• 6. EXAMPLE 3: SECOND LAW OF MOTION EXAMPLE 1. Mike's car, which weighs 1,000 kg, is out of gas. Mike is trying to push the car to a gas station, and he makes the car go 0.05 m/s/s. Using Newton's Second Law, you can compute how much force Mike is applying to the car. Answer = 50 newtons However, the Second Law gives us an exact relationship between force, mass, and acceleration. It can be expressed as a mathematical equation: or FORCE = MASS times ACCELERATION EXAMPLE 2: A net force of 15 N is exerted on an encyclopedia to cause it to accelerate at a rate of 5 m/s2. Determine the mass of the encyclopedia. Use Fnet= m * a with Fnet = 15 N and a = 5 m/s/s.
• 7. So (15 N) = (m)*(5 m/s/s) And m = 3.0 kg EXAMPLE 3: Suppose that a sled is accelerating at a rate of 2 m/s2. If the net force is tripled and the mass is doubled, then what is the new acceleration of the sled? Answer: 3 m/s/s The original value of 2 m/s/s must be multiplied by 3 (since a and F are directly proportional) and divided by 2 (since a and m are inversely proportional) ENERGY EXAMPLE 1 A second-order reaction was observed. The reaction rate constant at 3 °C was found to be 8.9 x 10-3 L/mol and 7.1 x 10-2 L/mol at 35 °C. What is the activation energy of this reaction? SOLUTION: Activation energy is the amount of energy required to initiate a chemical reaction. The activation energy can be determined from reaction rate constants at different temperatures by the equation ln(k2/k1) = Ea/R x (1/T1 - 1/T2) where Ea is the activation energy of the reaction in J/mol R is the ideal gas constant = 8.3145 J/K·mol T1 and T2 are absolute temperatures k1 and k2 are the reaction rate constants at T1 and T2 Step 1 - Convert °C to K for temperatures T = °C + 273.15 T1 = 3 + 273.15 T1 = 276.15 K T2 = 35 + 273.15 T2 = 308.15 K Step 2 - Find Ea ln(k2/k1) = Ea/R x (1/T1 - 1/T2) ln(7.1 x 10-2/8.9 x 10-3) = Ea/8.3145 J/K·mol x (1/276.15 K - 1/308.15 K) ln(7.98) = Ea/8.3145 J/K·mol x 3.76 x 10-4 K-1 2.077 = Ea(4.52 x 10-5 mol/J) Ea = 4.59 x 104 J/mol or in kJ/mol, (divide by 1000) Ea = 45.9 kJ/mol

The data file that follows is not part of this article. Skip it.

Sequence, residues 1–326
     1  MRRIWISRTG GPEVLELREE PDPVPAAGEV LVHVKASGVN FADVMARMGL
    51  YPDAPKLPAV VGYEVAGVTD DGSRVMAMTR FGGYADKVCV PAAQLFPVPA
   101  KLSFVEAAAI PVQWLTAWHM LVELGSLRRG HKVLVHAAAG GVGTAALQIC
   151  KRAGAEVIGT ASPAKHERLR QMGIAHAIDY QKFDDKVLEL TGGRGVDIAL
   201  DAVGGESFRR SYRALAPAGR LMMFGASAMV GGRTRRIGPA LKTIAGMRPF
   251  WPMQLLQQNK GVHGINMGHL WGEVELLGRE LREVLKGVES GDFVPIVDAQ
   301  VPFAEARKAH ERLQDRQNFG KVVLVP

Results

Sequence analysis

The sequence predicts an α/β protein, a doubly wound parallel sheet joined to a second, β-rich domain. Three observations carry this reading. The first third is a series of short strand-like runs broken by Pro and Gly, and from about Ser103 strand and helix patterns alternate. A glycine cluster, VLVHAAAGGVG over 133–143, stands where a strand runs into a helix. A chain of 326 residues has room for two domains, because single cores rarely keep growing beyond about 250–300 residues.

• 8. Answer: The activation energy for this reaction is 4.59 x 104 J/mol or 45.9 kJ/mol. WORK: EXAMPLE 1: A constant force of 10.0 N, 225 acts on an object as it moves 5.0 m, 120 . Determine the work done on the object by the force. ANSWER: −13 J EXAMPLE 2: An object moves on the x-axis beginning at x = 2 m and ending at x = – 3 m. During this interval it is subjected to a force given by F(x) = (4 N/m3)x3. Determine the work done on the object. ANSWER: 65 J EXAMPLE 3: A spring of length 50.0 cm is characterized by the constant k = 80.0 N/m. Determine the work required to compress it from a length of 40.0 cm to 35.0 cm. ANSWER: 0.500 J KINETIC ENERGY: Kinetic Energy: Kinetic Energy is defined as the work needed to accelerate a body of a given mass from rest to its current velocity. Kinetic Energy Formula : Kinetic Energy: Ek = ½ mv2 Mass: m = Ek / ½ v2 Velocity: where, Ek = Kinetic Energy, M = Mass of object, V = Velocity or Speed of object, Kinetic Energy Example: Case 1: Determine the Kinetic energy of a 500kg roller coaster train which moves at a speed of